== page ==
By Tarik El-Bashir
Washington Post Staff Writer
Tuesday, December 29, 2009; D01
The Washington Capitals got faster and a bit more feisty Monday when they acquired left wing Jason Chimera from the Columbus Blue Jackets in exchange for captain Chris Clark and defenseman Milan Jurcina.
Chimera, perhaps best known in Washington for starting the scrum that led to Alex Ovechkin's injury in November, had 8 goals, 9 assists and 47 penalty minutes for the Blue Jackets. The 30-year-old likely will skate on the third line and take the spot of Clark, a natural right wing who had been playing on the left side.
"I think back to the game [Nov. 1] and I remember saying, 'Hey, listen, he's bigger than I thought, he's stronger than I thought and he can skate better than I thought,' " Coach Bruce Boudreau said of Chimera. "And he shoots left, which is important, too. We needed a guy that was a little bit more physical and is a really good skater, and he plays with an edge."
Chimera, a 6-foot-2, 216-pound native of Edmonton, Alberta, did not arrive in Washington in time to suit up against Carolina on Monday night. But he was expected to take a physical exam at Verizon Center after the game, then board the Capitals' charter fight and be on the ice for practice Tuesday in San Jose.
Chimera is a veteran of eight-plus NHL seasons split between Edmonton and Columbus and has totaled 81 goals, 172 points and 465 penalty minutes in 461 games. He was limited to 49 games last season because of groin muscle injuries. His best season came in 2006-07 as a member of the Blue Jackets, when he amassed 15 goals, 21 assists and 91 penalty minutes in 82 games.
Capitals General Manager George McPhee said the deal was originally discussed in September and gained traction in recent days.
"We just thought it was the right trade for us right now," McPhee said. "We've had extra defensemen all year, which is not a great situation to be in. So we felt like we could move a defenseman and balance out our forward lines given that we're going to play Brooks Laich more in the middle."
While the deal fills a void on the left side for the Capitals, it also leaves one in the leadership department. Clark had been the team's captain since 2006, but injuries cost him the majority of two seasons. During that time, the Capitals ascended from one of the league's worst teams to one of its elite.
"When he scored 30 goals, he was playing on the top line and playing all the power plays and killing penalties," Boudreau said. "When your team gets better, people move down the list."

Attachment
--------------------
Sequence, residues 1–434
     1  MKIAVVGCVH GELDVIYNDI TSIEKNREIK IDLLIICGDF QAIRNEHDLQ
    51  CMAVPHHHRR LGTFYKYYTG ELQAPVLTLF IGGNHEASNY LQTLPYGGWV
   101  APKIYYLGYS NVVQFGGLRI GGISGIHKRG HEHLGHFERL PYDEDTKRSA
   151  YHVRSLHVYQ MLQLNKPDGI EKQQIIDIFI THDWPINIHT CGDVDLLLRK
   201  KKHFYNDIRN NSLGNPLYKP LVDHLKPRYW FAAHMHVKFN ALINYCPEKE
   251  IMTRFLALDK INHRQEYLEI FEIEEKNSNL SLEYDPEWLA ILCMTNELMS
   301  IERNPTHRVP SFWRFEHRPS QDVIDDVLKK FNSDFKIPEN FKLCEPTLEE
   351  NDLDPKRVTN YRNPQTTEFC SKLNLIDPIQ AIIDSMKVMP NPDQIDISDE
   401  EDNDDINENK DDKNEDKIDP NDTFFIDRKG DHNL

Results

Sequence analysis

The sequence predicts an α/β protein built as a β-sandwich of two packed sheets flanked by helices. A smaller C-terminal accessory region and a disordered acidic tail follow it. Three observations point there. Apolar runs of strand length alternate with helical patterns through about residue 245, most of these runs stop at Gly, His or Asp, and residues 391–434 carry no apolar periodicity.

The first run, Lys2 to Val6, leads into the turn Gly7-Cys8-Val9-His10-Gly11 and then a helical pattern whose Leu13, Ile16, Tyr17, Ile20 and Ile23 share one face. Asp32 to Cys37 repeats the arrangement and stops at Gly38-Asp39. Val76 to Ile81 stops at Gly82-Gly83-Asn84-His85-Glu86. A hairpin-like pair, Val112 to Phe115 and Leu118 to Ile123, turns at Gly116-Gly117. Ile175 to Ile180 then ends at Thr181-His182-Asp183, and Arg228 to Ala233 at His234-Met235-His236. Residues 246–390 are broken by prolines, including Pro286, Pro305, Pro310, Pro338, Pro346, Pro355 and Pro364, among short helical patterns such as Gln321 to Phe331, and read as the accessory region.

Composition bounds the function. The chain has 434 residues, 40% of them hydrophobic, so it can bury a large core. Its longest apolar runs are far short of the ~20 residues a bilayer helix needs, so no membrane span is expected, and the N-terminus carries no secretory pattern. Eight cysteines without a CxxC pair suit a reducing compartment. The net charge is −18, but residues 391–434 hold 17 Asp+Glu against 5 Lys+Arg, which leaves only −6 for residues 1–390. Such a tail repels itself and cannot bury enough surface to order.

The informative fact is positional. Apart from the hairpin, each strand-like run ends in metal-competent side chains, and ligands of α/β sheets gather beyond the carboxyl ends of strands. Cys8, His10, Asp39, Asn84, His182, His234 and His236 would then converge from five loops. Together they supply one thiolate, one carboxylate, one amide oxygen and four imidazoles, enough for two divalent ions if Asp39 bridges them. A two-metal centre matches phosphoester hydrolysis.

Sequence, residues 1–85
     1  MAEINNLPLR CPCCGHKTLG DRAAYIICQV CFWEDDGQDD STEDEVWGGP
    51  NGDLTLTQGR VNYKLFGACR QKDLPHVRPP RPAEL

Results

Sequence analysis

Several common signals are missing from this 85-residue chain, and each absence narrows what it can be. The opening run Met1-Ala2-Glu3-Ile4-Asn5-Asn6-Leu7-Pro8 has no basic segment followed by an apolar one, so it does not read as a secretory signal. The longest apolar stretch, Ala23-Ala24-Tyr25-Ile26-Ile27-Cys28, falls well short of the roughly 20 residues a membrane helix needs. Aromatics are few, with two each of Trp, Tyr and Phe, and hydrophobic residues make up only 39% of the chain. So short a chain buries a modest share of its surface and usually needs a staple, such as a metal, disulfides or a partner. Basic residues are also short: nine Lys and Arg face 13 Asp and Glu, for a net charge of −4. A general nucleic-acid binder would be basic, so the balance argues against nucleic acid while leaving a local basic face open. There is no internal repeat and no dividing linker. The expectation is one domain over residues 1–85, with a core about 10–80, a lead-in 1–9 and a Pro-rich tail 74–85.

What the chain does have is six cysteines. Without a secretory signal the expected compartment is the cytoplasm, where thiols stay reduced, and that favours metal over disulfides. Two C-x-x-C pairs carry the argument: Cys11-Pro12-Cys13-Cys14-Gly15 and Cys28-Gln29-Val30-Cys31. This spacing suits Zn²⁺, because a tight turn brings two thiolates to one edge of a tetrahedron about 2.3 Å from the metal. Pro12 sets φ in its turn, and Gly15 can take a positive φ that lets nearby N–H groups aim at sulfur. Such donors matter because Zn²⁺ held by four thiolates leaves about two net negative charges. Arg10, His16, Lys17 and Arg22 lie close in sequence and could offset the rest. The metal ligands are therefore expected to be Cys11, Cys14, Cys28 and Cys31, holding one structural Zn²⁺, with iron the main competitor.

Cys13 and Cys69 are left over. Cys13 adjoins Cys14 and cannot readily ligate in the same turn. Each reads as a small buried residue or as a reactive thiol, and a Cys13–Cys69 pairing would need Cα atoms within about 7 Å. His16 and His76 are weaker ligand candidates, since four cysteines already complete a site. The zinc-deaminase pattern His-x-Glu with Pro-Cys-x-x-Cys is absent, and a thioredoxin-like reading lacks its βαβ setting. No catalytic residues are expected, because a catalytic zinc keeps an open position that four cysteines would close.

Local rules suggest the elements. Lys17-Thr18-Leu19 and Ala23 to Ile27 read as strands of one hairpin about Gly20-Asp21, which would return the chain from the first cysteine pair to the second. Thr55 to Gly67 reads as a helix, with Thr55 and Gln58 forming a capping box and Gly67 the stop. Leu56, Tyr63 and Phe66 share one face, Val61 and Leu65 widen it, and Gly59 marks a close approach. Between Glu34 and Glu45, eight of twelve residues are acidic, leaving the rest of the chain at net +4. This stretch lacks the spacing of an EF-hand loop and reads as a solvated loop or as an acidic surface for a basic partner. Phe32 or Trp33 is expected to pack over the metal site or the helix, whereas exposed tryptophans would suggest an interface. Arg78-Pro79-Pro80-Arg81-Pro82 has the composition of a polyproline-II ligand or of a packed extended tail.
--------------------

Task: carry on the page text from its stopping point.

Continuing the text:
Boudreau said the team will discuss the captaincy internally, but is in no hurry to name a replacement in the coming days. Ovechkin, Laich and veteran winger Mike Knuble would seem to be the most likely candidates to succeed Clark.
"You don't slap a 'C' on someone else," said Boudreau, who inherited Clark as captain. "You take your time, out of respect for him and to make the right decision. Because, for me, your captain is a very important part of your team."
Clark, who had a four goals, 11 assists and a team-worst plus-minus rating of minus-4 in 38 games, said he was blindsided by the trade that sends him to the Western Conference's 14th-ranked team.
"I'm shocked," Clark said "I didn't mind a diminished role [in Washington] because we were winning so much and we're such a great team and had a chance to do something in the playoffs. I would have taken any role on this team to do that. But now I'm going to start all over again. Hopefully, Columbus will be in that position in a few years."
Jurcina, meantime, had been a healthy scratch in three of the past four games and did not seem to thrive in a situation where nine defensemen were in competition for six spots in the lineup each night. He will become an unrestricted free agent on July 1, and after winning an arbitration award of $1.375 million last summer, could be in line for another significant raise.
"We had nine defensemen who could play, and you can't play them all," said Boudreau, who noted that dealing Jurcina leaves the Capitals with two right-handed defensemen and six lefties, which is not ideal.
The trade also netted the Capitals about $2.2 million in salary-cap space, just two weeks after the team cleared almost $5 million off the cap by loaning veteran center Michael Nylander to the minor league Grand Rapids Griffins.
McPhee acknowledged that the moves have provided Washington with the financial flexibility to make an upgrade. But he said the acquisition of Chimera, who has three years remaining on his contract at $1.875 million per season, doesn't necessarily mean that they will make any more moves.
"This wasn't necessarily about cap space and that sort of thing because we have space," McPhee said. "This was about [making] the right move for the team in terms of players."